The L-1B nonimmigrant classification enables a U.S. employer to transfer a professional employee with specialized knowledge relating to the organization’s interests from one of its affiliated foreign offices to one of its offices in the United States. This classification also enables a foreign company which does not yet have an affiliated U.S. office to send a specialized knowledge employee to the United States to help establish one. The employer must file Form I-129, Petition for a Nonimmigrant Worker with fee, on behalf of the employee.
To qualify for L-1 classification in this category, the employer must:
Doing business means the regular, systematic, and continuous provision of goods and/or services by a qualifying organization and does not include the mere presence of an agent or office of the qualifying organization in the United States and abroad.To qualify, the named employee must also:
Specialized knowledge means either special knowledge possessed by an individual of the petitioning organization’s product, service, research, equipment, techniques, management, or other interests and its application in international markets, or an advanced level of knowledge or expertise in the organization’s processes and procedures (See 8 CFR 214.2(l)(1)(ii)(D)).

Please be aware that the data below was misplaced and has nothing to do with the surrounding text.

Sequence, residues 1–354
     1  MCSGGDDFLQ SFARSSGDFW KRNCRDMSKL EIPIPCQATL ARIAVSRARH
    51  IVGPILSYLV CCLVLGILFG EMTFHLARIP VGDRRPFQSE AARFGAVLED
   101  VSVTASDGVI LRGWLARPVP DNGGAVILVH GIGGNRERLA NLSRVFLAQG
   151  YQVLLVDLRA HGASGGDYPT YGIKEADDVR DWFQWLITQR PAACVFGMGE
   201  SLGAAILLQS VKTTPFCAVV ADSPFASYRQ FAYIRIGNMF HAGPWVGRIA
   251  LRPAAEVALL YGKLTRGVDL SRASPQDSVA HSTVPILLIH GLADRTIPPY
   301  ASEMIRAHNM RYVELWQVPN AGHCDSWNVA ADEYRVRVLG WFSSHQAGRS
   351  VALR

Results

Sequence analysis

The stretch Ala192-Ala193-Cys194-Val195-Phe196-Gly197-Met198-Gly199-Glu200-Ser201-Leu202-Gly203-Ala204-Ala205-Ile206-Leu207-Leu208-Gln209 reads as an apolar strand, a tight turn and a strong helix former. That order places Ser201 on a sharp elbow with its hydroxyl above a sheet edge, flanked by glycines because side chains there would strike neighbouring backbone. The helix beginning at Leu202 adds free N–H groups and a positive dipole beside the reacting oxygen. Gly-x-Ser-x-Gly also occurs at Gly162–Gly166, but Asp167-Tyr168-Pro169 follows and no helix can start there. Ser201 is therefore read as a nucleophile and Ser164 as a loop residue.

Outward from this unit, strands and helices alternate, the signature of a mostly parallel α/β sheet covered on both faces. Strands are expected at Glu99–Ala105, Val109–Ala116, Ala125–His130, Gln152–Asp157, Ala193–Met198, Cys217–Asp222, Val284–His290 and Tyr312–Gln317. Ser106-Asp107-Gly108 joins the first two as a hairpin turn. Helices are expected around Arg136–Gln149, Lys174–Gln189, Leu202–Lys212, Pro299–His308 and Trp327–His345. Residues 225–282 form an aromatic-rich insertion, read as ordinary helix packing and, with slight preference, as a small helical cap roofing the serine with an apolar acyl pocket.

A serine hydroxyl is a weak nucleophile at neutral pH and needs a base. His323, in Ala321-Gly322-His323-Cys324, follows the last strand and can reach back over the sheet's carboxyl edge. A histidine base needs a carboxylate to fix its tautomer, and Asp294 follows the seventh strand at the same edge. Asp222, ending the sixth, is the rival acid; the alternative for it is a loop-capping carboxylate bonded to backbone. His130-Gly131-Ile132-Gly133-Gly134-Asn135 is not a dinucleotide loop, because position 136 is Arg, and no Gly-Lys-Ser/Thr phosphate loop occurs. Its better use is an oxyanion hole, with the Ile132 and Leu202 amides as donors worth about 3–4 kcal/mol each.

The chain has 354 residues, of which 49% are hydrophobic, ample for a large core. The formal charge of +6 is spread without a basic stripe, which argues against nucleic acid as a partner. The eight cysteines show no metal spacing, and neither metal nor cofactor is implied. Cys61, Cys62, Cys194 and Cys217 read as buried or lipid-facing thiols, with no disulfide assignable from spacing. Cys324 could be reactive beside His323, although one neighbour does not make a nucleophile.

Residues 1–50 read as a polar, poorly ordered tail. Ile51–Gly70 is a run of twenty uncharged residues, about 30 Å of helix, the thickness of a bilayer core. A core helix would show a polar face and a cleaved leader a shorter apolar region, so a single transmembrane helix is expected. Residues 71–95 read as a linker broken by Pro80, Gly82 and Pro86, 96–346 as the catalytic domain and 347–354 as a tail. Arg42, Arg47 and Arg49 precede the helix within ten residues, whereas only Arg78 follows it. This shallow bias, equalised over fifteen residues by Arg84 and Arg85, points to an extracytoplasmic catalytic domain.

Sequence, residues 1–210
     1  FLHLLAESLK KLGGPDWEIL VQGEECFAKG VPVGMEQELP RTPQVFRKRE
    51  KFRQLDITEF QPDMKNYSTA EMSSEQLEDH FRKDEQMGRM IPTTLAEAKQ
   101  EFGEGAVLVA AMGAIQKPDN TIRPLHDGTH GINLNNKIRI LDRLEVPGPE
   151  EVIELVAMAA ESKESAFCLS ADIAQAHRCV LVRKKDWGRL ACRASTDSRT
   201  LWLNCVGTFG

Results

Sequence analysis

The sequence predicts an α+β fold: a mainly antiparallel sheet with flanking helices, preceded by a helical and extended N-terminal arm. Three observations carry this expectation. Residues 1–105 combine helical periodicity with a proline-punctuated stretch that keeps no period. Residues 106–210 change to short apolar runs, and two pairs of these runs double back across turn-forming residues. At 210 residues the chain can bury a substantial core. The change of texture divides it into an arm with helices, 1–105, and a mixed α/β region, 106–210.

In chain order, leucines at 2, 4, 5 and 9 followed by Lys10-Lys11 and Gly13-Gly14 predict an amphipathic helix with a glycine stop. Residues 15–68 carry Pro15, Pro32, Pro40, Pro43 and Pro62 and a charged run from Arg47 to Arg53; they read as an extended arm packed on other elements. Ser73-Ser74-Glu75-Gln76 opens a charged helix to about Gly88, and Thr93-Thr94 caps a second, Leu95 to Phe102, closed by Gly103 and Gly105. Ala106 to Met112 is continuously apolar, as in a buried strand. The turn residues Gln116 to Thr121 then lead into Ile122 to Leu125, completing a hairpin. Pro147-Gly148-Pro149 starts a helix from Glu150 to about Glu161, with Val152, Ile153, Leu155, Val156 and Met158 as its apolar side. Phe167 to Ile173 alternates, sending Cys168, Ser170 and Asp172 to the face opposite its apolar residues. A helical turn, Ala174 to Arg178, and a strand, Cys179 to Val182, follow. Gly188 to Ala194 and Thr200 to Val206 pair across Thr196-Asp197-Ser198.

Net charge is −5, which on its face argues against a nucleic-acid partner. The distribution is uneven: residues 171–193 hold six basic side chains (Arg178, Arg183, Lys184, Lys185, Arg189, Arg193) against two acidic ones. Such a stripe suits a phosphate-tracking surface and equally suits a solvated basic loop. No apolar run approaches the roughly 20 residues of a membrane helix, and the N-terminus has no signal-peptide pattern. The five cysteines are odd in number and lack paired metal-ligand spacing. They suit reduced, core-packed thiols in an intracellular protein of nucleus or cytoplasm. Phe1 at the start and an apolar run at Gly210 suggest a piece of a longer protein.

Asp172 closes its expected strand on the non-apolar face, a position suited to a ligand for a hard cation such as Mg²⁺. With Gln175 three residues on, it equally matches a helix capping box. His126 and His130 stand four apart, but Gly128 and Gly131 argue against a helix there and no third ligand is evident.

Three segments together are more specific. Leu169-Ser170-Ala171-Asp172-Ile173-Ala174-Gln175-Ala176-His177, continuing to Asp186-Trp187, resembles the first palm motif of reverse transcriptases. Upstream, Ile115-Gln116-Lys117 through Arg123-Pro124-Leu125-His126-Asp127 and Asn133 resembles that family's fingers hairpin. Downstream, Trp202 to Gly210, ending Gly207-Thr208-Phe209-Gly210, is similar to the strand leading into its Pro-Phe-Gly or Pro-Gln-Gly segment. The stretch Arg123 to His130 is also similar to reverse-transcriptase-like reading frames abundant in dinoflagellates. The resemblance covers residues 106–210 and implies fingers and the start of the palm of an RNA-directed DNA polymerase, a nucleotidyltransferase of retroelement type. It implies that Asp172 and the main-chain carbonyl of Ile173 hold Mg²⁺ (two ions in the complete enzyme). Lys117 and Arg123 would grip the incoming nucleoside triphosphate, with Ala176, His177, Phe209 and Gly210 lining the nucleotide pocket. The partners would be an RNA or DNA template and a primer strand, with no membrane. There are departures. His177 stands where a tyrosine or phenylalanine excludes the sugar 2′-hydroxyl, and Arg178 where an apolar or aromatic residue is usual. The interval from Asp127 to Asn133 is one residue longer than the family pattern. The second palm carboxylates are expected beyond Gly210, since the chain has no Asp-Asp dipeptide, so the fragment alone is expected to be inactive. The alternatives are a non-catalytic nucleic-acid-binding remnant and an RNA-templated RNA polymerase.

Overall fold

The L-1 Visa Reform Act of 2004 applies to all petitions filed on or after June 6, 2005, and is directed particularly to those filed on behalf of L-1B employees who will be stationed primarily at the worksite of an of an employer other than the petitioning employer or its affiliate, subsidiary, or parent. In order for the employee to qualify for L-1B classification in this situation, the petitioning employer must show that:
See INA 214(c)(2)(F) and Chapter 32.3(c) of the USCIS Adjudicator’s Field Manual, available in the "Laws" section of the website.
For foreign employers seeking to send an employee with specialized knowledge to the United States to be employed in a qualifying new office, the employer must show that:
See 8 CFR 214.2(l)(3)(vi) for details.
Qualified employees entering the United States to establish a new office will be allowed a maximum initial stay of one year. All other qualified employees will be allowed a maximum initial stay of three years. For all L-1B employees, requests for extension of stay may be granted in increments of up to an additional two years, until the employee has reached the maximum limit of five years.
The transferring employee may be accompanied or followed by his or her spouse and unmarried children who are under 21 years of age. Such family members may seek admission in L-2 nonimmigrant classification and, if approved, generally will be granted the same period of stay as the employee.
If these family members are already in the United States and seeking change of status to or extension of stay in L-2 classification, they may apply collectively, with fee, using Form I-539, Application to Extend/Change Status.